The House Tax Cut that puts a cap the mortgage tax deduction is a hot potato. It’s a sizzling topic of conversation, coast to coast. Thus, Palm State Mortgage Company hopes this article on the proposed new cap on tax deduction for mortgage interest will bring you some cool facts.
As the old policeman in Dragnet used to say, “just the facts, mam…” let’s take a look at the cool basic facts which are causing much debate on this cap which causes some mortgage-seekers to pause their house-hunting.
Cap is Not for All Homeowners
First of all, we need to relieve you of worry if you already have already processed a mortgage, if you are already a “homeowner.”
Cap on mortgage interest deduction especially threatens tax payers who buy homes in metropolitan areas.
The cap on the tax deduction will not likely affect you. Your loan will be “grandfathered in” at its current rate.
However, new buyers, new mortgage owners, would see some federal tax changes from the cap. How big those changes would be would depend on the cost of property where they live. Here’s why:
Tighter Cap Means No More Million Dollar Home Mortgage Deductions
Put simply, the tax plan suggests a tighter cap on mortgage interest deductions on newly purchased homes. The law currently permits a couple who files deductions instead of the short form to deduct interest on home mortgages of up to $1,000,000. The new tax deduction cap would be set at $500,000. So, in the first place, if you mortgage a home for less than $500,000, you do not need to worry.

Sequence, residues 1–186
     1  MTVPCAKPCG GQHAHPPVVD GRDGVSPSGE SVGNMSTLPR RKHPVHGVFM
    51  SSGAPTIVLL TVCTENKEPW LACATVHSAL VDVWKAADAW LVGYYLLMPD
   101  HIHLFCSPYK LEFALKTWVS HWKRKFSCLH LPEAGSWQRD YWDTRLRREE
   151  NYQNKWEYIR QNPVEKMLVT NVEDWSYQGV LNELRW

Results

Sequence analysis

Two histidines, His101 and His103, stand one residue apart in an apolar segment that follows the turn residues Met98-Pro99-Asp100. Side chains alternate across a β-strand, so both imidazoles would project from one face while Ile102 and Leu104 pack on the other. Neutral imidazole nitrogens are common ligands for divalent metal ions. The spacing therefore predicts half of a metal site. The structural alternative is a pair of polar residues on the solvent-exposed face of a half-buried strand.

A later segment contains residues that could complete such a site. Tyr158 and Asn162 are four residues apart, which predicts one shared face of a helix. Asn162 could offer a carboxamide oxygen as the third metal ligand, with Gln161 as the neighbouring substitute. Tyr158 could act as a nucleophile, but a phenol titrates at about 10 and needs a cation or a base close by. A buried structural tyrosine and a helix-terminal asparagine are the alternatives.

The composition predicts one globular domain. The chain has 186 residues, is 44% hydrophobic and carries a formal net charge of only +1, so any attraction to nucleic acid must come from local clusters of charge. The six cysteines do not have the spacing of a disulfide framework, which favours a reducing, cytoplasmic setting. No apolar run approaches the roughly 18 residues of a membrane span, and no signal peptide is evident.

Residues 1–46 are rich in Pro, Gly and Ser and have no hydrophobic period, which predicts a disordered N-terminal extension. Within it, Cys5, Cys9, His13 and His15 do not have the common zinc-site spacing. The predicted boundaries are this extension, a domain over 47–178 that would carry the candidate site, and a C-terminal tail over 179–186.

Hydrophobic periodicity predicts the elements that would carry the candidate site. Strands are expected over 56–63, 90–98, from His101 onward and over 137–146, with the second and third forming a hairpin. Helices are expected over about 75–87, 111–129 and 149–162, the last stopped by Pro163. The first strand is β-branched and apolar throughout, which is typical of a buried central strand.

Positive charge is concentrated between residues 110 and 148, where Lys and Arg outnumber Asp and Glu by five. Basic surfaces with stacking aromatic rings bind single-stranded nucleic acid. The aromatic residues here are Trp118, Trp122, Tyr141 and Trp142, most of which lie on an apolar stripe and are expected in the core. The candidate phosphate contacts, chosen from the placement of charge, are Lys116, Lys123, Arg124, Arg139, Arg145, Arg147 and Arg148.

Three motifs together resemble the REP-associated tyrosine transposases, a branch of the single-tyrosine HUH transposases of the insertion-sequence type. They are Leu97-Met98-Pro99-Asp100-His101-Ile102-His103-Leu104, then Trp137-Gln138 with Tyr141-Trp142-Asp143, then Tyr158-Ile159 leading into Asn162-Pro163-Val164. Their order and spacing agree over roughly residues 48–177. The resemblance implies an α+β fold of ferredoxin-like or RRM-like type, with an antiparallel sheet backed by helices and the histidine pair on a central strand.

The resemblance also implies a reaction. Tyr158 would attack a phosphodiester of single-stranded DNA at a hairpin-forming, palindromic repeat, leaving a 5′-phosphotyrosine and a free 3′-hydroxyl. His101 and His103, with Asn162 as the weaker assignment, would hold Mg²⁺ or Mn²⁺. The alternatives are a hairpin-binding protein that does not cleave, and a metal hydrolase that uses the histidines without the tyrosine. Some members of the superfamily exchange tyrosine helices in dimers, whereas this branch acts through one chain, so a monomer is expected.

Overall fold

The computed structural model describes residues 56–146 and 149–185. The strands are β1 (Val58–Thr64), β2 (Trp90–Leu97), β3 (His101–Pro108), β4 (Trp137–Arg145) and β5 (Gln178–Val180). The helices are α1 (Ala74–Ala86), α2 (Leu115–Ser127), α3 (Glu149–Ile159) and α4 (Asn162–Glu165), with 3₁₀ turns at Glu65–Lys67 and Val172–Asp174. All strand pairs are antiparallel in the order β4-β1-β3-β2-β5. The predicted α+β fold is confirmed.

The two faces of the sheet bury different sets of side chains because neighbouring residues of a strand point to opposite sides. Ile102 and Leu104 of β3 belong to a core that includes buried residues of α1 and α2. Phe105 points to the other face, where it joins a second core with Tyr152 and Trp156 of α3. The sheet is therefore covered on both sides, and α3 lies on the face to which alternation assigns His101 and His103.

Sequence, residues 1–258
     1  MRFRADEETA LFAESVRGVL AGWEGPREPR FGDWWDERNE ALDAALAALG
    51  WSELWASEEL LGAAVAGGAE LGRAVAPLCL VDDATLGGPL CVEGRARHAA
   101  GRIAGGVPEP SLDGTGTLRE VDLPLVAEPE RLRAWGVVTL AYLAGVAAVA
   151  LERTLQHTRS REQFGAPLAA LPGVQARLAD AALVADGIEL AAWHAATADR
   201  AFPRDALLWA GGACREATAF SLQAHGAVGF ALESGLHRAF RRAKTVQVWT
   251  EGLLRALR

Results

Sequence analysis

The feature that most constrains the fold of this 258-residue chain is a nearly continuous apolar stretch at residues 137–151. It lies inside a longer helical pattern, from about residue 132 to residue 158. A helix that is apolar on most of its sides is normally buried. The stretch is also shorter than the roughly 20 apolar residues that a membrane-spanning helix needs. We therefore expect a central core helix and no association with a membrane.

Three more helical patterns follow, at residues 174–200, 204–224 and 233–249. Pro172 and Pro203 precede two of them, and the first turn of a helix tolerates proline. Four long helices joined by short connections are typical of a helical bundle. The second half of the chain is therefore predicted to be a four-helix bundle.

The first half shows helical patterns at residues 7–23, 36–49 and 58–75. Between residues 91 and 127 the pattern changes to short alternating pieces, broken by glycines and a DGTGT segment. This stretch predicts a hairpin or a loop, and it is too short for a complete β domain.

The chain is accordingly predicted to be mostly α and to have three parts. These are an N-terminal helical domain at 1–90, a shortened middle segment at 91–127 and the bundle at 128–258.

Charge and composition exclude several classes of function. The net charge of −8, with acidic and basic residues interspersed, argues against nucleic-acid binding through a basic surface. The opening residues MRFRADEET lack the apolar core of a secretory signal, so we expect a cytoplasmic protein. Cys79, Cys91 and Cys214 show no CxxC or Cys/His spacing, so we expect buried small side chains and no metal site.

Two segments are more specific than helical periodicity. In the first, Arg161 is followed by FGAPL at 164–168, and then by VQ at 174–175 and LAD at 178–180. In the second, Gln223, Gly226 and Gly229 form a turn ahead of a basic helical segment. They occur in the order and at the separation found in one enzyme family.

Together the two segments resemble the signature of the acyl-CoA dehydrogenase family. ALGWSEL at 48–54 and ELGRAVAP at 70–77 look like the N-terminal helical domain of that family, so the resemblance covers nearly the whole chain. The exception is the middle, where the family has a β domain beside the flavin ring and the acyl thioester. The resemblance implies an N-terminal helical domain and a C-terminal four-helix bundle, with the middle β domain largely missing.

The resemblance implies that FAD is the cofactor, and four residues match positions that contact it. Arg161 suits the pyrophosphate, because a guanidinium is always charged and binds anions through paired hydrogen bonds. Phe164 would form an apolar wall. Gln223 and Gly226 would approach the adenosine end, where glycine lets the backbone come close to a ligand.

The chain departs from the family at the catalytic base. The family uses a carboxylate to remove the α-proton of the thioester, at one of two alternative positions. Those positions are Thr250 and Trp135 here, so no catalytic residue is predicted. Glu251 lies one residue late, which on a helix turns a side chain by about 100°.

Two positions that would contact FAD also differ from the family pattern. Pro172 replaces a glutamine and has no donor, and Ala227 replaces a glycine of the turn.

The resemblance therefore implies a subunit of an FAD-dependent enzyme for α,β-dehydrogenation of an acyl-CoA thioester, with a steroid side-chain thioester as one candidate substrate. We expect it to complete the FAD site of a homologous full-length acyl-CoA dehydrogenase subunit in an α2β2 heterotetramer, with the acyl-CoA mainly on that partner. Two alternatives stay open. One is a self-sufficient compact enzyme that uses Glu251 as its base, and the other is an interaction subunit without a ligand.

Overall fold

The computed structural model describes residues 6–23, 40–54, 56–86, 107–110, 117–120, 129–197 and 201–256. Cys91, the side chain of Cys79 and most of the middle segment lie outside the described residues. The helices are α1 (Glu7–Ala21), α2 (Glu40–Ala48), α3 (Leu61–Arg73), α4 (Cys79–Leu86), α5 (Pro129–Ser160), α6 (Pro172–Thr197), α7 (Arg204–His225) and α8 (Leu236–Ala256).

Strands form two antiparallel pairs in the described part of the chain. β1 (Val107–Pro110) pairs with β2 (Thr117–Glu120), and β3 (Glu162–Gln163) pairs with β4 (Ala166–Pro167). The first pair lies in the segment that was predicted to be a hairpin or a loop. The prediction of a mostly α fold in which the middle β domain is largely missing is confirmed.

Every Cap Has as Silver Lining
Meanwhile, another feature of the new tax reform for the nation’s taxes is the simplification of the procedure. You might not like the cap on home mortgage deductions, but the new idea of doubling the standard tax deduction will intrigue you. If the legislation passes, filing a standard form will gain almost double the standard deduction of this year.
In fact, the home ownership tax deduction adjustment might not even bother you if you typically only use the short form. Law-makers hope this measure will inspire more taxpayers “to use the standard deduction (instead of itemizing deductions like mortgage interest and property tax separately)…”